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Maduro announced an increase to the minimum monthly salary today, raising it to Bs. 97,531. Maduro also decreed an increase to the cestaticket subsidy, which is a monthly stipend that workers receive in order to purchase food, which now totals Bs. 153,000. The change is effective retroactively to July 1.

When added together, a Venezuelan worker earning minimum wage will make Bs. 250,531 between her salary and her cestaticket stipend.

While the earned salary can be used to purchase anything for sale on the market, the cestaticket food stipend can only be used to purchase food products.

Today’s salary increase represents a jump of 50% from the rate that was set on May 1 of this year. It also marks the third time in 2017 that Maduro has announced an increase to the minimum monthly salary.

While marking the announcement, Maduro took time to talk about the upcoming Constituent Assembly, a process that regime critics argue will allow Maduro to write a custom-made constitution to cement his dictatorial rule over Venezuela.

Maduro told listeners that if the Constituent Assembly was carried out successfully, he would somehow be able to fix the economic crisis in the country, which arguably manifests itself most clearly in out-of-control prices for food and basic necessities.

Maduro said:

If you give me the Constituent [Assembly], I will give you all a victory over prices. Give me the [Constituent] Assembly and you’ll see.

Students Arrested in El Rosal Granted Unconditional Release

25 university students arrested during an anti-government protest in the Caracas neighbourhood of El Rosal on Thursday have all been granted unconditional release by a judge, ending an ordeal that caused outraged around the country.

The students–who formed part of a larger group of 31 detainees, the rest of whom have also been released–were crammed into a white unmarked van by National Bolivarian Police officers after their arrest on Thursday, drawing widespread condemnation from Venezuelans for their inhumane treatment.

The 25 students waited three hours today at a Caracas courthouse before a judge ordered their release.

The case appears to be one of arbitrary mass arrests, as a student leader who was participating in the protest on Thursday said that they were marching down a street when they were suddenly attacked by security forces, who subsequently made the arrests.

Military Tribunal Accuses MUD Organizer of Treason

A military tribunal has formally charged Roberto Picon Herrera, a political organizer who helps run the Mesa de la Unidad Democratica‘s (MUD), with “treason against the fatherland”. New of the charges came from National Assembly deputy Julio Borges, who called the proceedings against Picon “unconstitutional” and his detention arbitrary.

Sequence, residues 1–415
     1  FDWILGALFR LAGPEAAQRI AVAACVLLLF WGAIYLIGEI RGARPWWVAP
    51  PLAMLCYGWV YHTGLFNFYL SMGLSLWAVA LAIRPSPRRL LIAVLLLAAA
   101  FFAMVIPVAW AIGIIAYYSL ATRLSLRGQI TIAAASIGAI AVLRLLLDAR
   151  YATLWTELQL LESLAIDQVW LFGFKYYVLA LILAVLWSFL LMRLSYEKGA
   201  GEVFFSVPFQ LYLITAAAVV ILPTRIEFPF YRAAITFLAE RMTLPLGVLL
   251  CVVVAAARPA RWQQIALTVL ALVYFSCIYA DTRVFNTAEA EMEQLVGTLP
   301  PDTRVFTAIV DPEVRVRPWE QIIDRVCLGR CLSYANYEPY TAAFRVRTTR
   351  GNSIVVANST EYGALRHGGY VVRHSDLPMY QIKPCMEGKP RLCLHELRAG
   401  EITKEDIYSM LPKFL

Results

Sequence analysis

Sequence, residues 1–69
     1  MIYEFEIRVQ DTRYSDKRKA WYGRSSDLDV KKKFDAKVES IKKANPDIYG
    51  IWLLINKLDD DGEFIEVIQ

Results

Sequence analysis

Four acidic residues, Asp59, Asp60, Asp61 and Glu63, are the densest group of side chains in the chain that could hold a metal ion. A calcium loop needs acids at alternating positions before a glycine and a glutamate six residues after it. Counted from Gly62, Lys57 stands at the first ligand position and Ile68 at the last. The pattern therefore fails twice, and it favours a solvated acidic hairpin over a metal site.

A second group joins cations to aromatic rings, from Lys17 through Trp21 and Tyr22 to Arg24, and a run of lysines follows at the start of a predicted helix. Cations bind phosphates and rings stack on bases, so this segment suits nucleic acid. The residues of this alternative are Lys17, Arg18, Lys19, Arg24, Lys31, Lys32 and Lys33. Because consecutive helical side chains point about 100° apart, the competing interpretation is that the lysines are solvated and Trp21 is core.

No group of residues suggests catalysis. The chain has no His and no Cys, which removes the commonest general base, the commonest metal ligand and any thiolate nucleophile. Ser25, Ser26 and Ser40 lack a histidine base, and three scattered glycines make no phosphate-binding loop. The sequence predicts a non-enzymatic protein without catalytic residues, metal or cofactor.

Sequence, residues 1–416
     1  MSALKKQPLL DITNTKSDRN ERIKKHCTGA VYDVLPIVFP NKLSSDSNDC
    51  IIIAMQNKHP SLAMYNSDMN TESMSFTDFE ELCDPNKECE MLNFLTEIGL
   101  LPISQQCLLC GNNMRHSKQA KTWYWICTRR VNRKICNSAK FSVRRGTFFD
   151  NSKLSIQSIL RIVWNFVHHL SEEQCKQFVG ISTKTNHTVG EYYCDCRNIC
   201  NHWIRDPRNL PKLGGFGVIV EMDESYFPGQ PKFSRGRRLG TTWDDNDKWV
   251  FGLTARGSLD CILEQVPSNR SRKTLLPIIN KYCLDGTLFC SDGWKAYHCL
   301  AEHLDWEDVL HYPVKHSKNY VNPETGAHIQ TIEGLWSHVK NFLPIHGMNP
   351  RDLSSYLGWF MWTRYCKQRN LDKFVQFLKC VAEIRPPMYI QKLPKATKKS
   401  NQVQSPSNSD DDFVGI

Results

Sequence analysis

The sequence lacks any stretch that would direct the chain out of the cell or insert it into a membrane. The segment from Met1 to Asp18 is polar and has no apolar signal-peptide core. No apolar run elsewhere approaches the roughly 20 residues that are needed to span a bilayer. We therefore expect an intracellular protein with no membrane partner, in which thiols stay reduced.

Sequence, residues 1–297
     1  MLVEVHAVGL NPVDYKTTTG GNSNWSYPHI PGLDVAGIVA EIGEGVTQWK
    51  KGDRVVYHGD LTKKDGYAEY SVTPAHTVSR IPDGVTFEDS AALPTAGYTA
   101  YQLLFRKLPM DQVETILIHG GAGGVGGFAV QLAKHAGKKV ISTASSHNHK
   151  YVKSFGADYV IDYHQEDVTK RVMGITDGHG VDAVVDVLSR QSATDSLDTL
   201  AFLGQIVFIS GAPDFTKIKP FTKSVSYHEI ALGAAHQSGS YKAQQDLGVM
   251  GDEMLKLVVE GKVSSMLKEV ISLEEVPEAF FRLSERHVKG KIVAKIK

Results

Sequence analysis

Picon was arrested on June 23 during a raid on a MUD home used for meetings in Caracas. The security forces that carried out the raid did not have a warrant either to enter the home nor to arrest Picon.

The Maduro regime has increasingly turned to using military tribunals to process dissidents, a move that is against Venezuela law. According to the Article 261 of the Constitution, military tribunals can only be used to deal strictly with military matters.

The regime’s reliance on military tribunals has become more commonplace since attorney general Luisa Ortega Diaz, who oversees legal prosecutions in the country, broke away from the ruling PSUV party in March of this year.

Residential Building in Caracas Unfurls Seven-Star Flag

An apartment building in the neighbourhood of El Paraiso in Caracas unfurled a seven-starred Venezuelan flag today on its side, bringing to the spotlight an old debate surrounding the country’s flag.

Below, an image of the seven-starred flag on the building:

From 1863 until 2006, the Venezuelan flag had seven stars arranged in different combinations, with the current pattern being adopted in 1930. The seven starts represented the seven provinces of the Captaincy General of Venezuela that declared independence from Spain in 1810.

In 2006, the government of president Hugo Chavez added an eighth start to the flag to comply with an unfulfilled wish by Simon Bolivar to include the eighth symbol–representing the province of Guayana–to the flag.

The addition of the eighth star became a sore point for critics of the Chavez government, as it signaled a fundamental change in the country’s national identity.

The displaying of the seven-starred flag is therefore a political statement, since it is a symbol of the pre-Chavez era in Venezuela.


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